How can such a powerful creature as man be comprised of such puny creatures as humans? How can such puny creatures as humans compose such a powerful creature as man? Clearly, as a species and individuals, humans are both powerful and puny.
Our destructiveness as man is our puniness as humans, and vice versa. Man is a destructive force of nature, or more accurately, force against nature. But we evolved in nature. There is a way out of this dilemma, and are AI and robotic machines pointing the way ahead by pushing us in the opposite direction.
Contradictions abound. Is that what makes us human and keeps us from growing into human beings—to accept contradiction? Clearly, growing into human beings involves resolving the contradictions within us.
There’s the contradiction between the puniness of humans in nature and man’s power to plunder this entire planet. There’s the contradiction between the smallness of humans, and the greatness of human beings.
Contradiction is difficult to resolve intellectually, but much more difficult emotionally. That’s largely because we like the comfort of complexity rather than the hard work of simplicity.
The puniness of man is often used to conceal the smallness of humans. To say we don’t really have control of nature is to deny that man is destroying this planet.
Likewise feeling puny can be a comforting substitute for true humility. The feeling of puniness looks like humility, but it’s actually the ego cloaking itself in its smallness, without actually addressing the vexing question of human destructiveness toward nature and each other.
So how did man, which evolved in nature, become such a destructive force of nature? When I first asked that question, nearly half a century ago, I thought that some philosopher somewhere could answer it. After a few years I realized that the question had never been resolved, in no small measure because very few philosophers had asked it.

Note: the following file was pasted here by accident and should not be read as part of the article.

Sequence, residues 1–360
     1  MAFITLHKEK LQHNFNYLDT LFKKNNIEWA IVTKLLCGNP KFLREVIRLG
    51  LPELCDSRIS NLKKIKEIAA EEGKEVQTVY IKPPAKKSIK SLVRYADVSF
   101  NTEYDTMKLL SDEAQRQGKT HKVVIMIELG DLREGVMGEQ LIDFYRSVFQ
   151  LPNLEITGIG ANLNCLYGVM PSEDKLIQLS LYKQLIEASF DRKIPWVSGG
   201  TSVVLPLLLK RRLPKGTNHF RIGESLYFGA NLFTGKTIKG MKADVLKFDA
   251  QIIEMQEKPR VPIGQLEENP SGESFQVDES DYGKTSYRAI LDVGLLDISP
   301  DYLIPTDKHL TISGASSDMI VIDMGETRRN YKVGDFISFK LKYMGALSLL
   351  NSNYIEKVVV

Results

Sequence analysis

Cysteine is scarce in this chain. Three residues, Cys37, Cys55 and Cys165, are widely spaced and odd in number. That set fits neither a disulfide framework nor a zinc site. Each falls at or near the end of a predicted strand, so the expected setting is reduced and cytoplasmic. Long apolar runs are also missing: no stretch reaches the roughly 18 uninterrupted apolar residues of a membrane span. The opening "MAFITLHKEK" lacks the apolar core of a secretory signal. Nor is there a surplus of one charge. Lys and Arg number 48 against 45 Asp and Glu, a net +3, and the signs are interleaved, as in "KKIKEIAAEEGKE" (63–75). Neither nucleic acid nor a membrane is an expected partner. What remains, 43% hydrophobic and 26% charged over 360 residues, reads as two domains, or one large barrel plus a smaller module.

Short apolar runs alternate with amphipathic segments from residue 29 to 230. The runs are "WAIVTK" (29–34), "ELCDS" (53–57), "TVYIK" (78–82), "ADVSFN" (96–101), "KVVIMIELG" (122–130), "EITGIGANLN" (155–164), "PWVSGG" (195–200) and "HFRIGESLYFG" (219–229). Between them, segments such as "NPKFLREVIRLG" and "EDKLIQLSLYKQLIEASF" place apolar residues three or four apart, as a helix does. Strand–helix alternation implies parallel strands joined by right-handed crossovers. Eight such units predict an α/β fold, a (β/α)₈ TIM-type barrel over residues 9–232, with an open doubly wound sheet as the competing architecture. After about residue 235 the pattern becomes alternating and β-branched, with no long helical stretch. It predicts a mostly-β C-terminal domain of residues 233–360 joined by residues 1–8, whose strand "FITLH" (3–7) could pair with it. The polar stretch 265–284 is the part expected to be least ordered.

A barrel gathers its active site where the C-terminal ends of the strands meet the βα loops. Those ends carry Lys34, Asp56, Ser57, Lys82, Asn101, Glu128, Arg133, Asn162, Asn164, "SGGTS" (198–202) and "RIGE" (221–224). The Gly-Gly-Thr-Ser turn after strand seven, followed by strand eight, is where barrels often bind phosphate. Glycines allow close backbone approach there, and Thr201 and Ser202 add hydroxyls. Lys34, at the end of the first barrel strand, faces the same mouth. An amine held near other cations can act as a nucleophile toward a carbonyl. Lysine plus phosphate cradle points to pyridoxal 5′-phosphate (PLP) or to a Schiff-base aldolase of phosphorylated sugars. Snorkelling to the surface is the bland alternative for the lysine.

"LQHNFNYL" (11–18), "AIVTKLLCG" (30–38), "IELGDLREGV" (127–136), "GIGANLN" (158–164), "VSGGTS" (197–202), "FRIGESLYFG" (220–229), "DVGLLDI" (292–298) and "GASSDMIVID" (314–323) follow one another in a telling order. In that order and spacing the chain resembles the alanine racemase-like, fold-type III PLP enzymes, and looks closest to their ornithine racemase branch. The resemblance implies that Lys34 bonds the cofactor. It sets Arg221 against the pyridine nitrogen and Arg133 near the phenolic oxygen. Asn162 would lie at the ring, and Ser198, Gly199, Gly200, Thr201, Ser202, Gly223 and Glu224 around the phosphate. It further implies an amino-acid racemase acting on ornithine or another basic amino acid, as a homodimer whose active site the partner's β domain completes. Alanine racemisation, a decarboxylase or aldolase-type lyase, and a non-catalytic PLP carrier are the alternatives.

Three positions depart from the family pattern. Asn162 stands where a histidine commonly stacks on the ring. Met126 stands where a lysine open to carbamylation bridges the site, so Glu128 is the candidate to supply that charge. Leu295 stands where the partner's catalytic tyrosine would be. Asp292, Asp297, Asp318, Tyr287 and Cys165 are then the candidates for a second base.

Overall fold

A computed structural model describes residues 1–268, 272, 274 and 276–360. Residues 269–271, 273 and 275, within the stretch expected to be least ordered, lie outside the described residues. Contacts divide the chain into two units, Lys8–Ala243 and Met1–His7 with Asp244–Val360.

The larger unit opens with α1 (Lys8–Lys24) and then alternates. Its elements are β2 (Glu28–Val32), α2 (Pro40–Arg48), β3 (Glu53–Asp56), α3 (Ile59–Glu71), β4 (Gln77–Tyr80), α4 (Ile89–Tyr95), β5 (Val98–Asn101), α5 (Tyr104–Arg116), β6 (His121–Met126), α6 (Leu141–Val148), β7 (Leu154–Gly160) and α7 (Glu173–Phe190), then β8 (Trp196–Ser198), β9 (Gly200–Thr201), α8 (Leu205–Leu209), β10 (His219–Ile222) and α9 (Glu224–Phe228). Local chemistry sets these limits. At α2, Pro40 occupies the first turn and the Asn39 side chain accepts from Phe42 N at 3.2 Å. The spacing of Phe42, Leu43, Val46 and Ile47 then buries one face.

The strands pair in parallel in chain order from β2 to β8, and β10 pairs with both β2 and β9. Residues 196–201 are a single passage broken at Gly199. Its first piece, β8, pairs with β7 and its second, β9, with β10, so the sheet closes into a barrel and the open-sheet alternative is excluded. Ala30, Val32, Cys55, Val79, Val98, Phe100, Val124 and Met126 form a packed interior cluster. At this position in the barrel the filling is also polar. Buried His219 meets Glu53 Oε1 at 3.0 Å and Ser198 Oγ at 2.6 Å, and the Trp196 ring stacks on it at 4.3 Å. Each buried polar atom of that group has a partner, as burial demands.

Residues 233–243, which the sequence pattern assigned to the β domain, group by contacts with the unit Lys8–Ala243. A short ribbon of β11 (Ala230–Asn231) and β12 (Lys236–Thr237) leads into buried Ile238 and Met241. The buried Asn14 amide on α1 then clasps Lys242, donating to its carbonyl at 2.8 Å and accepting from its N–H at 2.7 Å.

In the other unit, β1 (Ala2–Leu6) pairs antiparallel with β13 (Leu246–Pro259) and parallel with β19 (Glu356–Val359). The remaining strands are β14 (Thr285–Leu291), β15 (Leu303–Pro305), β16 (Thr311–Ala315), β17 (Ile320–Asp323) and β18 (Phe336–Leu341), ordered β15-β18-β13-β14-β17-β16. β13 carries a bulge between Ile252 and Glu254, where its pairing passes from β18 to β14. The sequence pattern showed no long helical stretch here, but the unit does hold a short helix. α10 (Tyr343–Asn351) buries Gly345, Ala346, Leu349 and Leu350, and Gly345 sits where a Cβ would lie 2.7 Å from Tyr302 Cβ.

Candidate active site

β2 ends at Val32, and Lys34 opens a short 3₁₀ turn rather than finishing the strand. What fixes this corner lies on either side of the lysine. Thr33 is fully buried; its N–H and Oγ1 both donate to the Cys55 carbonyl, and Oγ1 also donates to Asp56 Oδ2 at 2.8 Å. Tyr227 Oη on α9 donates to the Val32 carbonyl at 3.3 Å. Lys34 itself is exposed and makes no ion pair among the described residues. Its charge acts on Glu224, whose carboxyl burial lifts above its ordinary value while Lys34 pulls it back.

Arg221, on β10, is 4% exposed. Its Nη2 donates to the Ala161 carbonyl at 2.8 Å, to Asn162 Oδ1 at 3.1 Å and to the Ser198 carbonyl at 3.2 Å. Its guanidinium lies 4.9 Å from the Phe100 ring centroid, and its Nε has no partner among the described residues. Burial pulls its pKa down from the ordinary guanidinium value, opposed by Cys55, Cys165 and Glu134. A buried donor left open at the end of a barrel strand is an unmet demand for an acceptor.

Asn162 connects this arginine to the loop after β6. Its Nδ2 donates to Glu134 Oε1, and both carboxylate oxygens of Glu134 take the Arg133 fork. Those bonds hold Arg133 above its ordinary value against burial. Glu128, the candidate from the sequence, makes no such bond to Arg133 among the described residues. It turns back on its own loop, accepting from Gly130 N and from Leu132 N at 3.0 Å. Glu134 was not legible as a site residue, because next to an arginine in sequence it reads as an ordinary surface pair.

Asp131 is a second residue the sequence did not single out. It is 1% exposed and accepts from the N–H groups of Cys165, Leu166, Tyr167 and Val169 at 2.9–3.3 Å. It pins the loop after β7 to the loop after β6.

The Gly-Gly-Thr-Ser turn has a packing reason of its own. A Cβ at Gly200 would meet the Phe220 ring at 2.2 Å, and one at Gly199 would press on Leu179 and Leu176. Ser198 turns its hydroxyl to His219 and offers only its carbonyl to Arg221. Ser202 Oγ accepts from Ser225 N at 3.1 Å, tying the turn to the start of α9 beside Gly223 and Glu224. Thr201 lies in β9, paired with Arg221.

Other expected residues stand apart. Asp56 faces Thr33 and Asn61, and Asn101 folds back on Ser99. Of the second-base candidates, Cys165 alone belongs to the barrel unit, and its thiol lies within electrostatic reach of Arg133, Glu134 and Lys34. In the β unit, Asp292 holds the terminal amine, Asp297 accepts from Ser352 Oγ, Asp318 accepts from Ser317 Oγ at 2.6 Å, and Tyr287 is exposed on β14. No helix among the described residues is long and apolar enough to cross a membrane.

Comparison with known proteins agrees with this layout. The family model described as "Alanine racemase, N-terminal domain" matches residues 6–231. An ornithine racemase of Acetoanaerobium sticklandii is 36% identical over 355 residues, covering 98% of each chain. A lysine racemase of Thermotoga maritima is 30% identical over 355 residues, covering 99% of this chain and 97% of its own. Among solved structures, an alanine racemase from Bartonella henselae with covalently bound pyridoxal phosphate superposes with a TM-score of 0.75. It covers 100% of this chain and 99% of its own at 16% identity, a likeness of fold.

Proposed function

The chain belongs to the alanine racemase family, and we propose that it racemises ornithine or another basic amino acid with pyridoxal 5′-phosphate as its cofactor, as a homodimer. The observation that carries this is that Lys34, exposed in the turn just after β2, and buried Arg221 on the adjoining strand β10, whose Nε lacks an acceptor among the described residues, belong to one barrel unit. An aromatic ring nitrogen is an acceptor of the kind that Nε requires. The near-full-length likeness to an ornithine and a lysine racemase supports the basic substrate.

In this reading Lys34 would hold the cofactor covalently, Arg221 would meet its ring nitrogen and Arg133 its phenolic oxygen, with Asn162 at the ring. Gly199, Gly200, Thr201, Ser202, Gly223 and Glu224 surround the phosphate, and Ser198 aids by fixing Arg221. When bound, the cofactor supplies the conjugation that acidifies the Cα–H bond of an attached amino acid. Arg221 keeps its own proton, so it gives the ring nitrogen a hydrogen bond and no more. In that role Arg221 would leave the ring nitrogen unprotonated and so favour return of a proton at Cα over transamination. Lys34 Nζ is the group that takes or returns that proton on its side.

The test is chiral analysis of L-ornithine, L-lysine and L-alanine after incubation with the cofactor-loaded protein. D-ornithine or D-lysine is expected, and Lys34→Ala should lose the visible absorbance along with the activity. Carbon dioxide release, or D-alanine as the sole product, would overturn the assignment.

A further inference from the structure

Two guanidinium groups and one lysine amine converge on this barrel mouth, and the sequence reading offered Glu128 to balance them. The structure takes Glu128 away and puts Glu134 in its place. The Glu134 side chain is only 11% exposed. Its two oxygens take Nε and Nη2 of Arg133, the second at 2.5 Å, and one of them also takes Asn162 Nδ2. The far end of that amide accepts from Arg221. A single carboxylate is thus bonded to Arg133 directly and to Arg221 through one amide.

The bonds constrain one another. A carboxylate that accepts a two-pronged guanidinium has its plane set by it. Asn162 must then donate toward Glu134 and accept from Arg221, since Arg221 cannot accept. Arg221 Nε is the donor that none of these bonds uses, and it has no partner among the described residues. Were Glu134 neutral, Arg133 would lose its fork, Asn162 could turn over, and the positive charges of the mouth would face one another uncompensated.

After 15 years of inquiry and study, there were a few new insights, which I feel apply to the emergence of potentially intelligent life everywhere in the universe. These philosophical insights were accompanied by a literally gut-shaking experience.
In a deeply meditative state along the Merced River (the same river that flows through a presently closed, smoke-filled Yosemite Valley), I was caught beneath the flight path of a B-52 thundering into the sky from a nearby air force base. The behemoths had never taken that flight path before, always taking off in the opposite direction.
I started to run, but that was futile, so I stood my ground and looked up at the monstrous thing, which at the time carried nuclear weapons on its practice runs.
It was close enough to read the writing on its underbelly, and its massive engines reverberated in my chest and shook the ground beneath my feet.
Beyond words I saw: that thing is man; I am the maker of that thing.
At a visceral level, the mystery was resolved as the B-52 mirror of man shattered all psychological separation within myself. The power of suns has been unleashed by our species, which is in a permanent state of war with the planet and itself.
The greater the power of science and the accumulation of knowledge, the more self-centered and destructive humans have become.
Nature gave humans the separative gift of Promethean fire, but we continually abuse it by dividing ourselves from the earth and each other. That is the original, ongoing sin.
Now, as astronomers discover other potentially habitable planets and close in on the question of how rare or common life is in the universe, we can ask: what would intelligent life on an identical earth with the same evolutionary history (including hominids) look like?
There is no such thing as perfection, and utopias are completely imaginary, but we can gain insight into the rightful place and use of symbolic thought.
Insight changes behavior, and the brain itself. When thought and knowledge are put in service of insight and understanding, rather than insight in the service of science and knowledge, the puny powerfulness of humans ends, and we begin growing into human beings.
However accurate the explanation for what used to be called ‘the riddle of man’ before scientists began deliberately blurring the contradiction between man and nature, the explanation won’t change the explained—you and me.
Only self-knowing and insight in the individual can do that.